• Delhi and Ottawa had good bonding on issue of liberal internationalism
  • At the bilateral level, civil nuclear collaboration between the two countries was a shining example of scientific internationalism during the Cold War
  • Trudeau’s predecessor, Stephen Harper, had unveiled in 2015 a vision for strategic partnership that was to build on the shared interests between the two countries
  • It is indeed tragic that India-Canada relations have become a political hostage to the Khalistan question
  • Delhi, however, has rightly decided it must stay engaged with Trudeau, who leads one of the world’s top economies and is a member of the Group of Seven advanced nations

Category: ENVIRONMENT

1. The renewable purchase obligation is hurting

  • The landmark Electricity Act of 2003 removed the licensing requirement to produce power, and also led to the unbundling of generation, transmission and distribution of electricity at the state level.
  • The sweeping idea of open access, and a choice for consumers was introduced.
  • It was also the first time that the use of renewable energy (RE) was advocated as part of the national energy policy.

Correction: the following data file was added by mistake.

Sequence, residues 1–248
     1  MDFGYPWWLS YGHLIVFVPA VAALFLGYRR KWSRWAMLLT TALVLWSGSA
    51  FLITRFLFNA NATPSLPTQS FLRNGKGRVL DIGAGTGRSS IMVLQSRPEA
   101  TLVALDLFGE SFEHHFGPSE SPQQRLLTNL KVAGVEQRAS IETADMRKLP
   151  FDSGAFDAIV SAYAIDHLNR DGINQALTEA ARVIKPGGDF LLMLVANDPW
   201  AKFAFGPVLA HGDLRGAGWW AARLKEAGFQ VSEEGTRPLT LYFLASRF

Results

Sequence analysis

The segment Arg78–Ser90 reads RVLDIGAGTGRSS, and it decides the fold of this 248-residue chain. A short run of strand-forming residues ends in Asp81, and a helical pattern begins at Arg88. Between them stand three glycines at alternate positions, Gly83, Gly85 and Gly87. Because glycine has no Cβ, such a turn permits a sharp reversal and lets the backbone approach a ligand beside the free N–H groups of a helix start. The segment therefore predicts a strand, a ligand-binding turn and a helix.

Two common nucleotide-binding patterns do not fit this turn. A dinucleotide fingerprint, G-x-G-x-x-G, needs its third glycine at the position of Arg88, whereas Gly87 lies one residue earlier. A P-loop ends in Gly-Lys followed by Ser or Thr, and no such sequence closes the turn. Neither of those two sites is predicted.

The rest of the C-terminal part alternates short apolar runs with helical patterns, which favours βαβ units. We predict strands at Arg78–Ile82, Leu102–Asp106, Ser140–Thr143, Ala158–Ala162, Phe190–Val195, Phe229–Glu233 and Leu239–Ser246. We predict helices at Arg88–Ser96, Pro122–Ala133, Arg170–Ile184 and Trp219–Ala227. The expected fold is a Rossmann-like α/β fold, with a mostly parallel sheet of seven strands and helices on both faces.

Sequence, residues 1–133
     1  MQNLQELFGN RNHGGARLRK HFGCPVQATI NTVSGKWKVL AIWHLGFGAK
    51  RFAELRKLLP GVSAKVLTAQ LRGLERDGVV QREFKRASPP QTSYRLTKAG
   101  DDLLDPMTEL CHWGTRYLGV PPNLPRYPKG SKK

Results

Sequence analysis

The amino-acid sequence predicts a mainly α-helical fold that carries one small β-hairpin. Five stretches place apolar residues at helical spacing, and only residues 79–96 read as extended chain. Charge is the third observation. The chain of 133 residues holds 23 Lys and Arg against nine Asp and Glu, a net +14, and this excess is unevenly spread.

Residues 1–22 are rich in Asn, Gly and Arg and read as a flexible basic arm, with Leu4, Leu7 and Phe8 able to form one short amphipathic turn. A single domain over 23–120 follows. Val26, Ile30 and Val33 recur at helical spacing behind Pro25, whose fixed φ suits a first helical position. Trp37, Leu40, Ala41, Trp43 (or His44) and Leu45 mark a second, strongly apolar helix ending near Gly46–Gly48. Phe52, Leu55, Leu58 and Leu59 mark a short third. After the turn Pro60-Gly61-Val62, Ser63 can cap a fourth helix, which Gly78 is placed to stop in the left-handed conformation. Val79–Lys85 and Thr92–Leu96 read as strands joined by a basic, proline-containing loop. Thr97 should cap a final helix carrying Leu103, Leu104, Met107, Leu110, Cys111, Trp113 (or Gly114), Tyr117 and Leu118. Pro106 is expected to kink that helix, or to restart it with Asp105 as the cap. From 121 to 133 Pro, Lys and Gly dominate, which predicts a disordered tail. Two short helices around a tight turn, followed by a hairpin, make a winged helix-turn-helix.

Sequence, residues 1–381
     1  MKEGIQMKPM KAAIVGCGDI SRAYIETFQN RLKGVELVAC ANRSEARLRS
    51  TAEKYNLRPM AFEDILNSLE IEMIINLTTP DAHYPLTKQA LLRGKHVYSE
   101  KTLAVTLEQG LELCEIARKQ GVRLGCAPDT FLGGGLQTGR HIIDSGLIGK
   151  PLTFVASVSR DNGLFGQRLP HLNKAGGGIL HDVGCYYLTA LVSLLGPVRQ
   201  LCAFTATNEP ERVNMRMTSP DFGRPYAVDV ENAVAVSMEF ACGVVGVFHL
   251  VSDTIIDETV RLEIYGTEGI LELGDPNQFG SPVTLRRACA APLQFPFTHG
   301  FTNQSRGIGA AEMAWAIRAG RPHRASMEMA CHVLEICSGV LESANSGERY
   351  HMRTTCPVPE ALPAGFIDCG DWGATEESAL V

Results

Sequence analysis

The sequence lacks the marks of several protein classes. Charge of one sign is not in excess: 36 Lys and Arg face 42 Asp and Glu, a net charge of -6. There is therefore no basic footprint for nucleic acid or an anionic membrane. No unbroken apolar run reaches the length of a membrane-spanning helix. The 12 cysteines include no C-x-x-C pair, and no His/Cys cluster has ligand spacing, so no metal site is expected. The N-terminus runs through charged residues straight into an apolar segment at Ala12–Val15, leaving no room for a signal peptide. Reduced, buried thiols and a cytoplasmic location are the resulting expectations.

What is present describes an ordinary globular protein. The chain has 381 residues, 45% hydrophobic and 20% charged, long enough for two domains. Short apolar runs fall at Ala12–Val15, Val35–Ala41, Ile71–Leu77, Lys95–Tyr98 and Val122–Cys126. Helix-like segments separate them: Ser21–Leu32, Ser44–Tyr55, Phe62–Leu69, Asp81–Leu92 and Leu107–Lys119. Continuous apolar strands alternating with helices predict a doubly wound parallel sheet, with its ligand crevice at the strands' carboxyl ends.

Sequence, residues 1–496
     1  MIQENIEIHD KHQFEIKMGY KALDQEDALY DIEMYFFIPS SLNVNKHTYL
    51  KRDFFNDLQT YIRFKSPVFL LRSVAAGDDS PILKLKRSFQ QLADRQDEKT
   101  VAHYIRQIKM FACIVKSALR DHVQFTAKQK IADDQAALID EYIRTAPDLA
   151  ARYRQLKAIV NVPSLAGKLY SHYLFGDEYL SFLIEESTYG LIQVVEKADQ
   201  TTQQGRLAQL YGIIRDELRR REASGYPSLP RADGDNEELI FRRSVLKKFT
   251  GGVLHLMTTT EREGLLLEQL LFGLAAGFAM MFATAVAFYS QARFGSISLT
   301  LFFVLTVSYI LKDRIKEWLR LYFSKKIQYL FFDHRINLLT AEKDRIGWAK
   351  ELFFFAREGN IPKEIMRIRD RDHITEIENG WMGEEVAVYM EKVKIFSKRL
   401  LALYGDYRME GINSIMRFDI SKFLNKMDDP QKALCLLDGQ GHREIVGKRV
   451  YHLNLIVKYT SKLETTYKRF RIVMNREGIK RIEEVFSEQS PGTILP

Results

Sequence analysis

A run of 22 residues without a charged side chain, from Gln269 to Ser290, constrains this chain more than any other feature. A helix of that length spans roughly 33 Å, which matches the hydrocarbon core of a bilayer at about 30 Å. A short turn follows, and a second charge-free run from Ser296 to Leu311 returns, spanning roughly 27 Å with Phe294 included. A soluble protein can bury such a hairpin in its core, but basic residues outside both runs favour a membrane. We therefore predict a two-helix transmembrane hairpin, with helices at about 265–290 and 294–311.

• The National Action Plan on Climate Change (NAPCC) that was to be implemented through eight missions has the national solar mission, whose aim was to promote the development and use of solar power.
  • The policy of renewable purchase obligations (RPOs) was also introduced at the state level where RPOs make it compulsory for all large consumers of energy to ensure that a certain percentage of that energy mix is from renewable sources such as wind and solar
  • The Narendra Modiji government revised the national RE ambition to achieve 175GW by 2022, of which 100GW would be from solar.
  • As per the studies, by December 2017, solar and wind capacity in the country was 17GW and 33GW, respectively.
  • This means that in the next four years, solar capacity needs to increase by 5.8 times, at a compound annual growth rate of 55.6% per year
  • On the other hand Economic Survey of 2017 indicated that the social cost of renewables to be three times that of coal, at around Rs11 per kilowatt-hour
  • One MW of solar plant requires 5 acres of land, whose cost is loaded on to the power cost.
  • Secondly, Indian industry is already suffering the disadvantage of higher energy cost due to levies like the coal cess, that has gone up by 800% in the last few years; from Rs 50 per tonne of coal in 2010 to Rs 400 in 2016